Vegan Chocolate Stout Cake
St. Patrick, the patron saint of Ireland, was born in Britain and was captured as a slave by Irish raiders when he was about 16 years old. He toiled as a herdsman for 6 years and eventually escaped back to his family in Britain. After joining the Church, he returned to Ireland as a bishop where he lived and worked in the mid to late 5th century. Legend credits St. Patrick with banishing the snakes from Ireland, but scientific evidence (read: Wikipedia) reports that Ireland never had snakes. Possibly the snakes refer to the serpent symbol of the Druids of that time. In writings credited to St. Patrick, he describes his time as a foreigner in Ireland as not easy. His refusal to accept gifts from kings made him an outsider in the normal order of things and he was at times beaten, robbed and put in chains.
St. Patrick has been revered as the patron saint of Ireland since about the 8th century. I scoured the internet for any mention of St. Patrick as being especially forgiving, but I couldn't find anything that specifically states that he was. I imagine as a saint up in heaven, he would have to be quite forgiving of all the green-beer-induced debauchery and transgressions known to happen on his feast day.
That's good because I totally screwed up. See below.(What would have been) perfect for St. Patrick's Day: Chocolate Stout Cake. If you don't want to drink your Guinness*, go ahead and bake something delicious with it! Just don't screw it up like I did.
I've made this cake a couple times and had great results. But this time, when I had my camera handy, I was stupidly impatient and didn't wait until the cake was fully cooled before I flipped it out of the bundt pan.
It started out great, and even tasted great as I sampled forkfulls of cake from the bottom of the pan. As you can see from the top photo, it just didn't look great. Looking beautiful is of huge importance in my world and I almost didn't share this recipe with you folks because of it.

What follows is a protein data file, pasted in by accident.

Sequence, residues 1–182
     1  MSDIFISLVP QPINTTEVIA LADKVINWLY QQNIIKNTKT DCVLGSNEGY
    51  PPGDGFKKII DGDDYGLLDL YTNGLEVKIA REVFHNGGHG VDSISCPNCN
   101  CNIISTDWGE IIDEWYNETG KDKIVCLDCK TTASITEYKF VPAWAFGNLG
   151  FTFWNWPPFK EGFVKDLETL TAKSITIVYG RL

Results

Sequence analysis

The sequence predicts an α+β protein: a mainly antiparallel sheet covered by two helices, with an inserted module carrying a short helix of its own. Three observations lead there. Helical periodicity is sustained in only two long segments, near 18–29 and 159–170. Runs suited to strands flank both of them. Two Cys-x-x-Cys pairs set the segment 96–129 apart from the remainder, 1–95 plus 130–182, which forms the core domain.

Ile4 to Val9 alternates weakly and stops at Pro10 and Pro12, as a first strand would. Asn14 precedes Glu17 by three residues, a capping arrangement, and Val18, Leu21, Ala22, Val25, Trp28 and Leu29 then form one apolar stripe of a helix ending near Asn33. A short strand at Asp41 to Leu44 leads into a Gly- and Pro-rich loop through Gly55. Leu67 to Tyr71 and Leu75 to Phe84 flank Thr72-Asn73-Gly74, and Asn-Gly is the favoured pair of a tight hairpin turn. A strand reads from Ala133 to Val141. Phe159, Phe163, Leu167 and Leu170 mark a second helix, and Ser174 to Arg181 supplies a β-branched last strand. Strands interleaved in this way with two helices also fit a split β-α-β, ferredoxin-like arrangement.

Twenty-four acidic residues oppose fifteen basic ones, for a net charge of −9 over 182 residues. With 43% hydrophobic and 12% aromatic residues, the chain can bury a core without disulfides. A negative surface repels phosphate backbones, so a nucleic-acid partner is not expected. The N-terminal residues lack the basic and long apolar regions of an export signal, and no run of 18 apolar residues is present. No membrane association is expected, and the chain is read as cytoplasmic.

But thankfully, this cake has an incredibly marvelous component that allows the baker to fudge a less-than-perfect execution (somewhat).
This cake is deep, dark and decadent. It is supremely moist and the stout really adds a richness to the flavor. I made this cake, with prettier results, for my Dad's birthday back in February. I think it is a perfect dessert to make for dudes; the beer makes it sound so tough. This cake is delicious on its own, not too sweet, but I think the glaze adds just the right amount of luscious indulgence to make it not just a chocolate cake, but 'A CHOCOLATE CAKE'.
Plus, the glaze helps to cover up an impatient mistake.
Vegan Chocolate Stout Cake
adapted from this recipe
1 cup stout
1 cup canola oil
3/4 cup dutch-process cocoa powder, sifted
2 cups all-purpose flour
2 cups sugar
1.5 tsp baking soda
3/4 tsp salt
2 replaced eggs (I use Ener-G egg replacer)
2/3 cup silken tofu (about 2/3 of a 12.3 oz package).
1 tbsp lemon juice
6 oz semi sweet chocolate chips
6 tbsp soy milk
Preheat oven to 350 degrees. Oil and flour a bundt pan (don't skip this step or the cake will stick to the pan and your results will be even more disastrous than mine).
Bring stout and oil to a simmer in a medium saucepan over medium-low heat. Add cocoa powder and whisk until smooth. Remove from heat and let cool slightly. Whisk flour, sugar, baking soda and salt in a large bowl. Blend the tofu and lemon juice together in a blender of food processor. Add the egg replacer powder and water and blend again. Add tofu mixture to the stout-chocolate mixture pan and beat just to combine. Add the chocolate mixture to the flour mixture and fold batter until completely combined. Pour into the prepared bundt pan and bake for about 45 minutes until a knife inserted in the center comes out clean. Transfer the cake to a rack and let cool completely in the pan.
When cool, turn out the cake onto a cake stand or plate. It should come out relatively easily. Heat chocolate chips and soy milk in a double boiler stirring until smooth. Spoon or pour the glaze over the cake and serve.
*Strict vegans should note that Guinness technically isn't vegan due to the use of isinglass - from fish bladder - in the filtration process. Appetizing, huh? Check Barnivore.com for more info. Anyway, I used Pike Brewery's XXXXX stout which does not use isinglass and is more vegan friendly as far as I can tell.